Workplace health & safety programs are set to be transformed by artificial intelligence (AI) in the future as Microsoft moves to introduce unsafe systems and conditions identification in their Azure Stack. In the May 2017 Microsoft developer conference, the software maker previewed developing software that can track people, tools, and activities in real-time to prevent workplace accidents.
The software has been able to demonstrate the ability to monitor employees, their locations and their adherence to safe working procedures. Systems can be programmed with a range of protocols around workplace health and safety standards. When the system identifies a breach or non conformance, it can automatically alert a supervisor or colleague to the condition and/or initiate emergency response actions including calling rescue personnel, notifying police, ambulance services or fire services according the the emergency scenario.
it will impact the workplace health & safety profession says John Ninness of Safetysure.
Safetysure’s Principal Consultant, John Ninness said that he believed it was inevitable that AI will impact of workplace health & safety programs. “We know clearly that AI is already transforming a range of industries, it is clear that there will be impacts on the safety profession and how we do business.” Ninness added that “Effective identification of workplace hazards can take a lifetime of learning and experience…imagine being able to condense that into a piece of software that can objectively evaluate hazard conditions in real time.”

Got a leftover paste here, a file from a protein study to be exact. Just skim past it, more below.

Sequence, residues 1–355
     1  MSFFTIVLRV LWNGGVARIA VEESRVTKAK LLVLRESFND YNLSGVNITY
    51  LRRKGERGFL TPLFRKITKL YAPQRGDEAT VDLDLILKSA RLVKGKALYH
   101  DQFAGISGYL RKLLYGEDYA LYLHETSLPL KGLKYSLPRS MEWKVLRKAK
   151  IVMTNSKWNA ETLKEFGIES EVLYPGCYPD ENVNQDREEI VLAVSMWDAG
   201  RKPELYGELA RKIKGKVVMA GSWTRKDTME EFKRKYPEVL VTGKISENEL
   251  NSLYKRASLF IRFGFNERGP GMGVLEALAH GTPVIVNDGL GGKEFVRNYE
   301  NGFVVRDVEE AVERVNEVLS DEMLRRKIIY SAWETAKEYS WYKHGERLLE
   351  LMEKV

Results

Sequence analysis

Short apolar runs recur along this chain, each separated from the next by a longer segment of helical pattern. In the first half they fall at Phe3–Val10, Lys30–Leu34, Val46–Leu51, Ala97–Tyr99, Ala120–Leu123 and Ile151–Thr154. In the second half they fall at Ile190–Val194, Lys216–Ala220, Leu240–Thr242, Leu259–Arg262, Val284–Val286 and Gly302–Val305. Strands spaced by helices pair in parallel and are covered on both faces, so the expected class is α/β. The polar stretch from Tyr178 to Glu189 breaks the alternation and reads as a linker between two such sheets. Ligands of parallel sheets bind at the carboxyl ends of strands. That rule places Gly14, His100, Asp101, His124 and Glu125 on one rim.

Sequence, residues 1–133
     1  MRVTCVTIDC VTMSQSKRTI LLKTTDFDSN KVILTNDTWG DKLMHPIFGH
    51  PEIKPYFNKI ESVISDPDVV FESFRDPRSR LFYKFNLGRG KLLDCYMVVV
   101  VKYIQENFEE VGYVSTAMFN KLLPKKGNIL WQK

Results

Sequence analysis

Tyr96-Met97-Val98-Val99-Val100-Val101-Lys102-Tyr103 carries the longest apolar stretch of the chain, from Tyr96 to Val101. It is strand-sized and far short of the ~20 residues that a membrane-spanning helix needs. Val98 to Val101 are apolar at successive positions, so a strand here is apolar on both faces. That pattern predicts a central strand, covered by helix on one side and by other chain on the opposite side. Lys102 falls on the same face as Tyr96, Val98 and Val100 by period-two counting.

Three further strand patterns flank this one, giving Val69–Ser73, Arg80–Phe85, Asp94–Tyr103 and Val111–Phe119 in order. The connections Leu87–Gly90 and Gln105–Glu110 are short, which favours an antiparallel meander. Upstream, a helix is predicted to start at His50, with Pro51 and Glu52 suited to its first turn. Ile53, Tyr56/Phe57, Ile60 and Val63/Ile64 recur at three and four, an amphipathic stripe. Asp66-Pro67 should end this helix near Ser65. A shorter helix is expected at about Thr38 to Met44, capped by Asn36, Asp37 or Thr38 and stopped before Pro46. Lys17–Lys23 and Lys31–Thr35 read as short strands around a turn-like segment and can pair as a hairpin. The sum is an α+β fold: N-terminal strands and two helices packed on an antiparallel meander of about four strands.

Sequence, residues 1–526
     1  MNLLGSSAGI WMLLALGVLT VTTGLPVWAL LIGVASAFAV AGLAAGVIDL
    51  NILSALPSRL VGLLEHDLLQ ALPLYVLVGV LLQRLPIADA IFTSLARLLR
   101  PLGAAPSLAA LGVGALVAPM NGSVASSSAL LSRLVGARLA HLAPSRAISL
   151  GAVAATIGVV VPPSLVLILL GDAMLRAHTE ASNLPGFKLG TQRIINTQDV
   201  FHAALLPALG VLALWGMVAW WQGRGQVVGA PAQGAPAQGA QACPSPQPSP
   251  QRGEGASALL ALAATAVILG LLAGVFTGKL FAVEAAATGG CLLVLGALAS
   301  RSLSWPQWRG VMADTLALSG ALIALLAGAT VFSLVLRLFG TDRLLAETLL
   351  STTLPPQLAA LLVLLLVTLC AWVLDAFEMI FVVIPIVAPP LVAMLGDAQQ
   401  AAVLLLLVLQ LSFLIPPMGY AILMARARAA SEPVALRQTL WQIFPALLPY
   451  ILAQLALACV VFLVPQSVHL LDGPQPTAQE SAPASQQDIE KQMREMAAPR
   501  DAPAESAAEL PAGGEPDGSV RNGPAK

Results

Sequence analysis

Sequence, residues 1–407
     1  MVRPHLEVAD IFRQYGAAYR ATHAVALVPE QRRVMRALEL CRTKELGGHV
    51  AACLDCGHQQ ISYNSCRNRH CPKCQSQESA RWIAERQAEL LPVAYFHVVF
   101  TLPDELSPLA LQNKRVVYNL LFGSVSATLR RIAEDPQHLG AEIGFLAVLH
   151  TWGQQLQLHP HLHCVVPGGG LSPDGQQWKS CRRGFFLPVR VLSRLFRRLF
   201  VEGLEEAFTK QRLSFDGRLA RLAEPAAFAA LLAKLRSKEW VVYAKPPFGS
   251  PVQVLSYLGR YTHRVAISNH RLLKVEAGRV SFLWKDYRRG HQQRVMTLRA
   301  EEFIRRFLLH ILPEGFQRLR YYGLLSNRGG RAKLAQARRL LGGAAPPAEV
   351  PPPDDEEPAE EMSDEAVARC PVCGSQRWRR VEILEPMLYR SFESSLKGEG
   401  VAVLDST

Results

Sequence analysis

“We know that there is significant application of AI in security industries already. Theres no doubt it will influence the way safety is managed in workplaces.” Ninness said that he believed that industry hazard identification data sets would take time to create and test to ensure their effectiveness. “It may take a few years before workplace health & safety programs are run by AI, but it will impact the workplace health & safety profession.”
Hazard identification a unique human skill set
Hazard identification and risk assessment are currently unique human skill sets. Our ability to read, comprehend and synthesise complex hazard data is unmatched by software but, as industries progress to more automated workforces, it appears clear that artificial intelligence will be incorporated into our workplaces to increase our awareness of unsafe conditions. Business should never under estimate the human element and be aware that with progressive systems other risks may also evolve.
While systems may gain support by management in organisations, support for AI workplace health & programs is likely to be seen by worker representative organisations as intrusive, an invasion of privacy and micro managing. Key issues for Governments will be how to validate system effectiveness and what to do if the system fails to identify a hazard. It’s finding the balance and benefits in AI will likely be most important.